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Your USDA Hardiness Zone

Featured Articles!

Dealing With Drought
Keep Your Garden Going When the Rain Stops

Over the past months, most areas of the country have set records for heat and drought. While the experts debate the “whys” and “hows,” the rest of us are stuck with the bottom line — it’s harder to grow things. Extreme temperatures and lack of moisture stresses most garden and landscape plants that would normally be considered tried-and-true standards. In addition, the availability and expense of irrigation has become problematic ...

>> read “Dealing With Drought”    
Pink Velvet Banana

The cinnamon scent, exotic leaves and exceptional fruit color of Musa velutina (pink velvet banana or hairy banana) will add a tropical flair to any garden and are hard to resist once you have seen them. With adequate winter mulch, its cold hardiness makes it possible to be grown outside tropical zones.

>> read “Pink Velvet Banana”    
Fragrant Gardens
Captured by the Spell of the Smell

I was walking on a Caribbean beach one evening heading toward a favorite spot for jerked chicken when I was captured by the fragrance of a large, blooming shrub. Now if I were relegated to growing only one plant for the rest of my life, it would be that plant, the night-blooming jasmine (Cestrum nocturnum).

>> read “Fragrant Gardens”    
Putting Your Equipment to Bed for the Winter

As we head into the later months of autumn and get closer to winter, our minds are filled with thoughts of a Thanksgiving feast, Christmas trees and New Year’s celebrations. Perhaps the last thing we think about is our garden or landscape, since most of us tend to put these on autopilot during the cooler months. While our gardens and landscape can survive the cold winter months without much assistance ...

>> read “Putting Your Equipment to Bed for the Winter”    
Nandina Flirt
Nandina domestica ‘Murasaki’

Good looking and oh so easy – no wonder they call this one Flirt. New leaves emerge deep red, transition through burgundy and finally age to green. At times, all three colors are present on the same plant. Normally you would need two plants to get contrasting foliage, but this one does it all.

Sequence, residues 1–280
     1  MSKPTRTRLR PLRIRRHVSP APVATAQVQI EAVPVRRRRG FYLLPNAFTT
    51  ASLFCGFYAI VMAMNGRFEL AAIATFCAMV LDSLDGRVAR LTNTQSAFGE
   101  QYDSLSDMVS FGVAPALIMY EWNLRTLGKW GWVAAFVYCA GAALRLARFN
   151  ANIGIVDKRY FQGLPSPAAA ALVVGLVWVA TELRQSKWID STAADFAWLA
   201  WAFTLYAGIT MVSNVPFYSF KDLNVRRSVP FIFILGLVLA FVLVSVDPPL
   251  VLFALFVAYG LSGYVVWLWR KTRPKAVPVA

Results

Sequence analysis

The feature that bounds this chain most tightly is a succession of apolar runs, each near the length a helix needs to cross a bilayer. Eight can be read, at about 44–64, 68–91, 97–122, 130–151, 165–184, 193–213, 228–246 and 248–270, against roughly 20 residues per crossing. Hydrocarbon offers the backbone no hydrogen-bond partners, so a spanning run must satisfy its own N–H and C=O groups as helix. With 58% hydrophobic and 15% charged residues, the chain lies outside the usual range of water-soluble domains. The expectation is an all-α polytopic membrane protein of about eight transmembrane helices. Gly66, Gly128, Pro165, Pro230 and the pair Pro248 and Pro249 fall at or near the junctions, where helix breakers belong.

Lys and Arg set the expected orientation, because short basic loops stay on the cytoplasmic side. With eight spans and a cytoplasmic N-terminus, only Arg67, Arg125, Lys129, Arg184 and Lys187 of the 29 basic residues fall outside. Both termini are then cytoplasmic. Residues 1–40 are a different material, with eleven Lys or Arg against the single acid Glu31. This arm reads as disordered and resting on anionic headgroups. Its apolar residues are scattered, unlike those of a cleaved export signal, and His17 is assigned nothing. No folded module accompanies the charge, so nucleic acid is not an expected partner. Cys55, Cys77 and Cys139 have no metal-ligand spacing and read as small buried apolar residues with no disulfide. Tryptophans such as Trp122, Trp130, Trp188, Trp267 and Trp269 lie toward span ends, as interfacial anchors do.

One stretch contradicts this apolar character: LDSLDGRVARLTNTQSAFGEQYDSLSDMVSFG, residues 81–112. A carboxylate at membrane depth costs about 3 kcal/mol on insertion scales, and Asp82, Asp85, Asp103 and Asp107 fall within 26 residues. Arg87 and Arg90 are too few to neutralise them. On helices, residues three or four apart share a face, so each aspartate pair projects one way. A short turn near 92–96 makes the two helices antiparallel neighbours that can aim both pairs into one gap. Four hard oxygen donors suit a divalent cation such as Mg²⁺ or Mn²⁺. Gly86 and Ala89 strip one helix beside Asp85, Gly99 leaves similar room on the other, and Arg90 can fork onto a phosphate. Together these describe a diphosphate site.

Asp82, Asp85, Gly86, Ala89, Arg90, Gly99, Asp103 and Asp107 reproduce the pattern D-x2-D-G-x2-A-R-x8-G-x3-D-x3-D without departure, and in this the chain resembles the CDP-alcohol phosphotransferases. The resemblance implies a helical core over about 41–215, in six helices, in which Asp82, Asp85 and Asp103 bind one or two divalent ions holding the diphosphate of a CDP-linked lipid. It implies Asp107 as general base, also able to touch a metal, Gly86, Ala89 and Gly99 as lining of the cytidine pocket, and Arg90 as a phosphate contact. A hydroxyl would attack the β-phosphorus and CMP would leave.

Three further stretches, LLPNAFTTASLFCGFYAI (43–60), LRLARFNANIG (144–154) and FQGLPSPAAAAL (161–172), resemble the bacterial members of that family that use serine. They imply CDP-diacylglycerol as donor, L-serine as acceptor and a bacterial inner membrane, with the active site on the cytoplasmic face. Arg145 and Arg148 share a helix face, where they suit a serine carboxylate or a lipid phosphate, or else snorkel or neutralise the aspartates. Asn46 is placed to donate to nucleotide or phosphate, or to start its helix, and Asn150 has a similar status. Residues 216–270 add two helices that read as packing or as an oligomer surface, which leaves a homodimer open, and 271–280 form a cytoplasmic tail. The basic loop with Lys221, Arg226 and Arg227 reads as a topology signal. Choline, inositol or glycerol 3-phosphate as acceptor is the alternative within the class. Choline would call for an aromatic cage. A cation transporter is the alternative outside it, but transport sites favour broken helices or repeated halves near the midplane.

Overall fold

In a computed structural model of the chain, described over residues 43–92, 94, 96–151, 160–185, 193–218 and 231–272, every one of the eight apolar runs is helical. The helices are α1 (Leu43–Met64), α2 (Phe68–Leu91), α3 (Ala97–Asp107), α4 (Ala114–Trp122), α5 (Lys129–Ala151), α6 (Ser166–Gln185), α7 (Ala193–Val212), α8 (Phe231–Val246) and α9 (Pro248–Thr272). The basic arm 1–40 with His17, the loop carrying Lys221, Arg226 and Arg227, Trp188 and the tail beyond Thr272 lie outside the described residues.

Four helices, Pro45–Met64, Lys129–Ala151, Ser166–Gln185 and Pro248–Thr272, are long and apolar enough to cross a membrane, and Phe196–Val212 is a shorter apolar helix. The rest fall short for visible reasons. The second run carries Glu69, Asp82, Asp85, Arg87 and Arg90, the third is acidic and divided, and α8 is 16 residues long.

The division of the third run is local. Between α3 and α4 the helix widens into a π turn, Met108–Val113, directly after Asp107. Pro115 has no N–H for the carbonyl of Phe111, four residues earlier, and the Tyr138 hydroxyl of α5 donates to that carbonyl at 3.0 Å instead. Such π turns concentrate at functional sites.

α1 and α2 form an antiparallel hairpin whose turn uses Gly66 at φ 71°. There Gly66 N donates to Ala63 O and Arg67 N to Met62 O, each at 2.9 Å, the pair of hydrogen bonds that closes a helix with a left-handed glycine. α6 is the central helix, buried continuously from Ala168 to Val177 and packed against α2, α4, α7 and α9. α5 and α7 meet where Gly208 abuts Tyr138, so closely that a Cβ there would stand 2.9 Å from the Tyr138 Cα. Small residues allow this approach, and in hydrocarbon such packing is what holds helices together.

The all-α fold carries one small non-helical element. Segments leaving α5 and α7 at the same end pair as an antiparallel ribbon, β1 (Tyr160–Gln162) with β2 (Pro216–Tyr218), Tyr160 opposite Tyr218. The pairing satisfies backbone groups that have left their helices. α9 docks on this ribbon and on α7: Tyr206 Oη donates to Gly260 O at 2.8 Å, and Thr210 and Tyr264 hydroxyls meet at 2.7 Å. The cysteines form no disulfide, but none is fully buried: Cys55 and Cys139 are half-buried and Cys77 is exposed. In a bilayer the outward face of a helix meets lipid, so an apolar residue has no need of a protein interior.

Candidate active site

>> read “Nandina Flirt”       #Hot Plants
The Self-Sufficient Gardener
Developing Transplants from Seed is Easy in a Greenhouse

When growing your own transplants, it is very important to control temperature, ventilation, light and moisture. Temperatures for warm-season crops should be between 65 and 80 F during the day, with nighttime temperatures of 60 to 65 F.

>> read “The Self-Sufficient Gardener”    
The Traditional Scarecrow

I was halfway through my childhood before finding the nerve to watch The Wizard of Oz without hiding at some point during the film. I suppose it was the witch (the wicked one from the west) — it would be an understatement to say that she intimidated me. The scarecrow was a much more pleasant fellow but, truth be known, he was also a bit unsettling to me ...

>> read “The Traditional Scarecrow”    
The Rudiments Of Roses
Don’t Shy Away From Growing Roses!

Truly there are varieties available for even the most timid or inexperienced gardeners. All roses require some attention, but numerous types are more self sufficient, thriving for years with minimal care.

>> read “The Rudiments Of Roses”    
Made in the Shade
Indicator Plants And Shade Gardening

Shade is a major design consideration in most gardens in the Southern U.S. Given the opportunity, we nestle our homes under the spreading boughs of forest giants and are forced from the outset to develop a garden that will never know the full intensity of the sun. Or, if our subdivision was a cotton field or cow pasture in a previous life, we grow our own shade – never quite believing that those small switches we plant will one day become sylvan giants and rob sunlight like a thief in the night. Shade is a good thing, though. It makes our outdoor living spaces habitable during the muggy months and permits the summer-long enjoyment of our gardens.

>> read “Made in the Shade”    
The Potting Shed: A Place to Begin

A place for everything and everything in its place: A playhouse, a winter sanctuary, a herbarium, an atrium and a structural winter solstice are all descriptions I have given to my “potting shed.” I have been a gardener since childhood, but it wasn’t until after my husband and I built our home I realized the need for a potting shed. I was spending a great amount of time walking to his shop to gather my gardening “things” before I could start on my project for the day.

>> read “The Potting Shed: A Place to Begin”    
Designing with Ornamental Grasses
for Showy, Year-Round Intrigue and Ease

Whether you’re planning a new landscape or rejuvenating an established one, ornamental grasses can add surprising pizzazz. They are dynamic, versatile and carefree in ways that few other plants can match. Widely known as the stars of autumn with their showy, long-lasting plumes, they can provide almost year-round interest. These grasses not only bring structure to the landscape, but sound and movement as well ...

>> read “Designing with Ornamental Grasses”    
Japanese apricot ‘Peggy Clarke’
Prunus mume

There’s not much out in the garden that can beat the winter blues like Prunus mume ’Peggy Clarke’, also known as the Japanese flowering apricot tree. When it’s too cold for much else to bloom, this small tree bravely sends out its blossoms on bare limbs in mid to late winter, providing the kind of showy display that most plants set aside for spring. It’s an amazing sight in the dead of winter.

>> read “Japanese apricot ‘Peggy Clarke’”       #Hot Plants